A similar phenomenon can be seen in the American Jewish community. Today, polls of American Jews show them overwhelmingly sharing the concerns of the great majority of Israelis regarding the threats Israel faces from Iran, with its calls for Israel’s annihilation and its advancement towards nuclear weapons. They likewise share Israeli wariness vis-a-vis a Palestinian leadership, and Arab states, that employ their media, mosques and schools to promote genocidal anti-Semitism and its corollary demonization of Israel and exhortation to pursuit of the Jewish state’s destruction. Yet a notable portion of American Jewish elites, including elements of Jewish community leadership but more particularly numbers of those within academia, journalism and the arts, choose to downplay the threats faced by Israel, disparage anyone who emphasizes those threats, and insist that Israeli refusal to make sufficient concessions is the chief obstacle to Middle East peace. They do so not least to ingratiate themselves with and cement acceptance by those groups with which they identify and whose approval they seek.
One might wonder why Thomas Friedman has for decades written, in column after column, that Israel’s unwillingness to return essentially to its pre-1967 armistice lines is the primary cause of continuation of the Arab-Israeli conflict, and why he has, over those decades, generally ignored or downplayed Palestinian and broader Arab rejection of Israel’s legitimacy and incessant incitement to the Jewish state’s destruction. One might be still more puzzled by his recent parroting of hoary anti-Semitic tropes, his insistence that if Congress gives a warm welcome to Israel’s prime minister and if some American leader endorses pro-Israel stances that are, in fact, widely shared among Americans, they must do so because they have been “bought and paid for” by Jewish money.
One might wonder why another Jewish journalist, Peter Beinart – even as he repeatedly declares his devotion to Israel’s well-being – either makes light of the threats Israel faces or acknowledges them only to construe them as a product of Israeli policies; why he devotes an entire book to indicting Israelis for their reluctance to make greater concessions to those who would destroy them.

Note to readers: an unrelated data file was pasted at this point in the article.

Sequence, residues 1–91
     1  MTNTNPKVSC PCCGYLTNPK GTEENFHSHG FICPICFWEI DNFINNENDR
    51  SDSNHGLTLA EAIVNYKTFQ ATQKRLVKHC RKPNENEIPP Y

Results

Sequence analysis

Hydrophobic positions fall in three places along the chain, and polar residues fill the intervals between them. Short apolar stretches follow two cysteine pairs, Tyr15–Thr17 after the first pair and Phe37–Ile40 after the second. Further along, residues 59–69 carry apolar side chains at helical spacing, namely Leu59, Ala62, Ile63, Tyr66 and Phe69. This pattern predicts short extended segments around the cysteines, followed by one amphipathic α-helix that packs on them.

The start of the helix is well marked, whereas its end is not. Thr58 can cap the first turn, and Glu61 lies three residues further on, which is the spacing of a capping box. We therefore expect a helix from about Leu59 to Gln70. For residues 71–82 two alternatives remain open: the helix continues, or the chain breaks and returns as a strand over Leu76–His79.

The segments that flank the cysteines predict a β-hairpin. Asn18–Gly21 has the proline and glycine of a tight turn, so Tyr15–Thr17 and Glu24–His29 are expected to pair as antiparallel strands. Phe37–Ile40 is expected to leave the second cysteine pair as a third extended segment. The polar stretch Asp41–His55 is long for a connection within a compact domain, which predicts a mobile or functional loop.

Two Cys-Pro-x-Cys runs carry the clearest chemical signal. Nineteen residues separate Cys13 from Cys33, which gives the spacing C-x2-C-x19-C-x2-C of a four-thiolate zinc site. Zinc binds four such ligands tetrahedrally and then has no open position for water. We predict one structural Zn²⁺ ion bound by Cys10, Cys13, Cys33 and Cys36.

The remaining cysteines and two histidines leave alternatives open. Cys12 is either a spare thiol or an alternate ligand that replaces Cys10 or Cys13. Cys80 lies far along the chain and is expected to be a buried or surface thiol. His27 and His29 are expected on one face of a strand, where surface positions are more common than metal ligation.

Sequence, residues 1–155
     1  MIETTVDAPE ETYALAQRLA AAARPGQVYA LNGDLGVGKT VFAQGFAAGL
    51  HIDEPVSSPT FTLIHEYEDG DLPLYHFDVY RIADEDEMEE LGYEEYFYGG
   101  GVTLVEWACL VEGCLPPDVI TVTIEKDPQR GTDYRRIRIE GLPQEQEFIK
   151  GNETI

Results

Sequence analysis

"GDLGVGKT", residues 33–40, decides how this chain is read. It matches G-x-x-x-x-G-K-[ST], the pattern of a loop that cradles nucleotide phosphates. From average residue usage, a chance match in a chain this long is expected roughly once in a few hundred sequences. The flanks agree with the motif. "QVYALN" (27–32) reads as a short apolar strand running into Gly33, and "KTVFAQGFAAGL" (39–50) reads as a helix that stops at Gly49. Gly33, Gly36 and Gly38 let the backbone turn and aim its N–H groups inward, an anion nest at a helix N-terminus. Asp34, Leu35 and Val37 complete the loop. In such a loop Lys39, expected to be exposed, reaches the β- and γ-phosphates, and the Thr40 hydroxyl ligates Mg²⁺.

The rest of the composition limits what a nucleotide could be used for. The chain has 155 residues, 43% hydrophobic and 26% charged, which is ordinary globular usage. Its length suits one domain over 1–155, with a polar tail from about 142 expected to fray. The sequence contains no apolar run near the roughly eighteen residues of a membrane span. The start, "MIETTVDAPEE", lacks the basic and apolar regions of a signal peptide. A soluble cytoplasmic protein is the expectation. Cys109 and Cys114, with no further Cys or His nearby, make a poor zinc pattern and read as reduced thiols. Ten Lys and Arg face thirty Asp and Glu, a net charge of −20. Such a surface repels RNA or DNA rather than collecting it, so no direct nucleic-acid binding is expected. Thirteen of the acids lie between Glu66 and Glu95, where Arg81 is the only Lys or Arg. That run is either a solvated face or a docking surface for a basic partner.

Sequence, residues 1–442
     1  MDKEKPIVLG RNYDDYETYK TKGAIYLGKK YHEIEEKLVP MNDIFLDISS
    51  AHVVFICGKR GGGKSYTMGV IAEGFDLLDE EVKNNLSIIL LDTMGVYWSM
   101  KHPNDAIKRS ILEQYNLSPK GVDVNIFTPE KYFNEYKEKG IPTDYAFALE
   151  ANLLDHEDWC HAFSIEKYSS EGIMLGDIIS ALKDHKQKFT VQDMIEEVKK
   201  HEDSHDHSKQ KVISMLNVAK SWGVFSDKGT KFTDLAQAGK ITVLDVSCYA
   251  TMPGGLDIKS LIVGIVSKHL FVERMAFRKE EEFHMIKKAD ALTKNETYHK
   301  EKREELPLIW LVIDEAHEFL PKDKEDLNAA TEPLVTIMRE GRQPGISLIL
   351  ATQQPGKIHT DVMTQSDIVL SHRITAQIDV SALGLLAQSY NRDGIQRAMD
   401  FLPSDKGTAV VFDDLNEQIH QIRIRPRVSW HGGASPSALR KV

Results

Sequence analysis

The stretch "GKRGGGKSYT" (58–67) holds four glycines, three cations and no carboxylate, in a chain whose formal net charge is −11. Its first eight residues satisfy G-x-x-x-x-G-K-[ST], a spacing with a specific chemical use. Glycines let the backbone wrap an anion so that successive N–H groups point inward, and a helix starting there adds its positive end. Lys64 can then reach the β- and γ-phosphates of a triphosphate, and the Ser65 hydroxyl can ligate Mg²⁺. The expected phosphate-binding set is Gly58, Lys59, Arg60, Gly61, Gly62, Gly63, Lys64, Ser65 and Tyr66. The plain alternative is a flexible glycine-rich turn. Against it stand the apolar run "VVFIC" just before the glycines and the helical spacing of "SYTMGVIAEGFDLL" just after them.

Could it be that Friedman and Beinart essentially identify with Israel and, like the abused child, are primarily moved by a wish to embrace, in the face of painful circumstances, fantasies of Israeli control over those circumstances, however removed from reality such fantasies may be; that their writings are expressions of wishful delusions that Israel, by its own actions, can end its besiegement? Or are they moved primarily by a wish to distance themselves from a besieged Israel and choose to identify with groups whose members are more inclined to be detractors of the Jewish state?
It is perhaps not insignificant, as evidence of what most motivates them, that both Friedman’s columns and Beinart’s book are published by the New York Times, which for over a century has sought to distance itself from Jewish travails. The paper did so most notoriously in the 1930′s and during World War II, including burying stories on the mass murder of Europe’s Jews. And it has likewise either ignored the genocidal anti-Semitism that pervades Palestinian and broader Arab culture, as well as that of much of the wider Islamic world, or has noted others’ concerns about this Jew-hatred only to downplay or dismiss such concerns or even to ridicule them.
In understanding a Friedman or a Beinart, the more germane explanation is likely that reflected in Thurgood Marshall’s reference to the predilection of some within besieged groups to distance themselves from their group, and Marshall’s recognition that – expanding on his particular examples – this is especially common among those eager to win and maintain approval by parties not notably sympathetic to the besieged.